I get a lot of emails from people asking me about the stat of the podcast. So I want to put this out here for people. At my desk, late at night, I have been working on a bunch of new shows and I would like to release many of them in 2018.
I appreciate all the great feedback and suggestions I get and I encourage people to keep submitting ideas. It takes me a while to get to some subjects, but I try to hopefully when I cover them, you enjoy them.
So here is a short summary of what I hope to release in 2018. A lot of it has already been recorded. They just need editing.
If you have the time, please stop by wherever you download the Retroist Podcast and submit a kind review. Maybe you know someone who is into nostalgia? Perhaps they would enjoy the show. I am well aware it is not for everyone, but if you help spread the word, I would appreciate it.
Keep checking the site for new podcast from Vic Sage. That powerhouse of podcasting will soon return with all sorts of fun audio surprises.
Note: When the next full episode of the Retroist Podcast is released. This post will be deleted.
Recently the trailer for the upcoming film, Ready Player One hit the internet. Based on the nostalgia drenched book by Ernest Cline and directed by Steven Spielberg, the film has been enthusiastically anticipated by a lot of people who frequent this site. For those who have not seen it, here is the trailer.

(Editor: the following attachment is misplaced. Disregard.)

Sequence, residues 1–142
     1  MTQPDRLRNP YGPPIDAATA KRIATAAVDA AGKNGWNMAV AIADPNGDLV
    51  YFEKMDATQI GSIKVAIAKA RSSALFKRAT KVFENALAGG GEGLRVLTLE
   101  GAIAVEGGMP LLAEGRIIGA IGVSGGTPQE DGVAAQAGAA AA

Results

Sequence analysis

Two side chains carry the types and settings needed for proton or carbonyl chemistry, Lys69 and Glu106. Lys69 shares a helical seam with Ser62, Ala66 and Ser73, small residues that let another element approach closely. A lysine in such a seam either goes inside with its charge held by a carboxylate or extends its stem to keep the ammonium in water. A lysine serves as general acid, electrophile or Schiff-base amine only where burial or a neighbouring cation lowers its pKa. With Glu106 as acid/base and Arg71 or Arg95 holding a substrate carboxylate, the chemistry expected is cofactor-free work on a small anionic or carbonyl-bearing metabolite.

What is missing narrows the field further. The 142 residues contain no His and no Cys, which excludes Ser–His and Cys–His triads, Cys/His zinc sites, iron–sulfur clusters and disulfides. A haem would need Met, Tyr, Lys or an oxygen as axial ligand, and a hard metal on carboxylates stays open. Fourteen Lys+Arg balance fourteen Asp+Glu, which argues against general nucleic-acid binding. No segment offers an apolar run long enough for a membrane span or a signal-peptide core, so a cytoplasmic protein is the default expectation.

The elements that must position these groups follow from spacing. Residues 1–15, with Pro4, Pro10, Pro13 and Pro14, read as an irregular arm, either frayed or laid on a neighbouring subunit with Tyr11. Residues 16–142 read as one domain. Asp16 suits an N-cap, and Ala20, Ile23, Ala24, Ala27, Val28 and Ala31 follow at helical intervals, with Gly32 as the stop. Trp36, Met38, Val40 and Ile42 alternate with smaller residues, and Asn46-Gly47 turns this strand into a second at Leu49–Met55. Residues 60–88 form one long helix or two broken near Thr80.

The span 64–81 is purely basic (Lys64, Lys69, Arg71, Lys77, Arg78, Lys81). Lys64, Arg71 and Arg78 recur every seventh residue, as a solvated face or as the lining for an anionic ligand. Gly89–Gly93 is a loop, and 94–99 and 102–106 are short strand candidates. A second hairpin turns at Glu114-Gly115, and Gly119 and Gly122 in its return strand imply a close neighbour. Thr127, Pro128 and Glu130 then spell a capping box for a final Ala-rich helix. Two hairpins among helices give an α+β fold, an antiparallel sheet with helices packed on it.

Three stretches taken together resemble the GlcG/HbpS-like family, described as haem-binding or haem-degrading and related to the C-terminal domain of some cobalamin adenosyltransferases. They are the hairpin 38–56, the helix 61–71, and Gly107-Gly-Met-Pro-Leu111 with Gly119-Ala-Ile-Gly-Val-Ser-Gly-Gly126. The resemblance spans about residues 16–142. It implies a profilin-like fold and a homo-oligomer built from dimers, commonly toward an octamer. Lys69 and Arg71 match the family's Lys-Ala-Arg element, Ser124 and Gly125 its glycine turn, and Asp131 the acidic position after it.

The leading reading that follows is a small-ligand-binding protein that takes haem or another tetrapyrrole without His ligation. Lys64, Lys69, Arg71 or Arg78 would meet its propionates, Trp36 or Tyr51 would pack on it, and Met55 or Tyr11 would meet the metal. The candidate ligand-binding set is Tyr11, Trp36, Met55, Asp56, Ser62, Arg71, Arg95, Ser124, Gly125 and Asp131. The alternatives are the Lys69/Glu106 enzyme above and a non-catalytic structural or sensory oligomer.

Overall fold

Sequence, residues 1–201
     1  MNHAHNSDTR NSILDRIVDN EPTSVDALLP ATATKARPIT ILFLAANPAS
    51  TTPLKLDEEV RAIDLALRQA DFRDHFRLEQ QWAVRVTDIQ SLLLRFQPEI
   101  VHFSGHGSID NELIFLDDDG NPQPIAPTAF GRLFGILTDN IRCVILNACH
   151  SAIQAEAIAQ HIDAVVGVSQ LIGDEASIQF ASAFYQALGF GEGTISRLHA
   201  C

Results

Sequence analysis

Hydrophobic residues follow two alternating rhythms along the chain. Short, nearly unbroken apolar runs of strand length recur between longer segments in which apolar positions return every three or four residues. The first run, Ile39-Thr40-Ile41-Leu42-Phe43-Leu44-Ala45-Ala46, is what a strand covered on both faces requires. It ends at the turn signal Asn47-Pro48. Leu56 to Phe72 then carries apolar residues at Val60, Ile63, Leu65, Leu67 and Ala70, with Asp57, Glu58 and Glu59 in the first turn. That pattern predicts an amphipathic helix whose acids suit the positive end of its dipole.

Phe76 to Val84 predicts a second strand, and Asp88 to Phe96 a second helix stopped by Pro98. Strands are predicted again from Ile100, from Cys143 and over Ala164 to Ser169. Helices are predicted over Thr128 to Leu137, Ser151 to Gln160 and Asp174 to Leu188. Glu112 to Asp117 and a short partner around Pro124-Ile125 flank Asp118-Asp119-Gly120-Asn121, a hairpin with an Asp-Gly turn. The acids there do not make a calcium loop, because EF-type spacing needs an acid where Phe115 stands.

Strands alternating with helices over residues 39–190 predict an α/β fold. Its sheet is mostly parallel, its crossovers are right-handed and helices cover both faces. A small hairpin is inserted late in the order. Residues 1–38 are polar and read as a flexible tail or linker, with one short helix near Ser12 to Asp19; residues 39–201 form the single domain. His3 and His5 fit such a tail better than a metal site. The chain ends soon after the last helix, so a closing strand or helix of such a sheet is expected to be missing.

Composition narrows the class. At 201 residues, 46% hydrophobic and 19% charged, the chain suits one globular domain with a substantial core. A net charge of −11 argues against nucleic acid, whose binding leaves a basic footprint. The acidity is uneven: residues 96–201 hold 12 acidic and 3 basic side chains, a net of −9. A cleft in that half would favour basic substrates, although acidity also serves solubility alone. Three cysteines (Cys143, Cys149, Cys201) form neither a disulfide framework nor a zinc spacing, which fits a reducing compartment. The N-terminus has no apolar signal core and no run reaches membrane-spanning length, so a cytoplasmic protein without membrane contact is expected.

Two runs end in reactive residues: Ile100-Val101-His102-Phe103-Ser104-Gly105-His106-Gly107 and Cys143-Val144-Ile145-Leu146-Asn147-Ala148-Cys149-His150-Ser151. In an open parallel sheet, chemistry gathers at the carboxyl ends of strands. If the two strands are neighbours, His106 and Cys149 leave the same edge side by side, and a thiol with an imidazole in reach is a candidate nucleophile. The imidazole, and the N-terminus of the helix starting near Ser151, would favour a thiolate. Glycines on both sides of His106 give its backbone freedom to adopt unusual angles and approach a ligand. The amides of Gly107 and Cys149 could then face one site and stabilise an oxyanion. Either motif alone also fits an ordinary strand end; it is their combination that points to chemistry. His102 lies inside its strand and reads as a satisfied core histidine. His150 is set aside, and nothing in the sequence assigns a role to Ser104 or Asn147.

As you might guess from the title of this site, I think this is pretty cool. But it turns out a lot of people don’t. This has caused a very minor controversy on the internet. Are we seeing a backlash against nostalgia? Have we had enough eighties pop culture? The answer to both is maybe and it doesn’t matter. At least it doesn’t matter to me.
I am going to see Ready Player One because I am into it. But I am into a lot of things that people are not into. It is folly to think that everyone will be. We have been lucky enough to live in bit of a geek culture explosion. I would like to think that it will last forever, but if I have learned anything about pop culture over the years, it will not.
Whatever you are into, be it this film, Star Trek Discovery or drone racing, just enjoy it. Know that people might not agree with your choice in entertainment, they might be downright hostile to it. Valid or not, they have their reasons. Greeting them with equal hostility is not going to change that. Most likely, nothing will change that.
My feeling is why bother. Instead take advantage of this brief period where what you love is in the spotlight. You only have a finite amount of time when these things will get made. So stop caring how other people think or react.
Geeky things have been around for a very long time. Long before they were a hot commodity. Eventually they will be pushed back in the cultural hierarchy again. It will be a sad day, but it will come sooner than we think. So don’t spend this precious era worrying about backlashes or who cares about what. Just enjoy it.
Many people have heard of Video Professor. They ran commercial on cable TV channels and on late night programming throughout the nineties. I recall seeing the commercials and laughing at some of the concepts. In the mid-nineties, I was already “online” most days. So a lot of the concepts in videos like Learn to use the Internet seemed comically simple.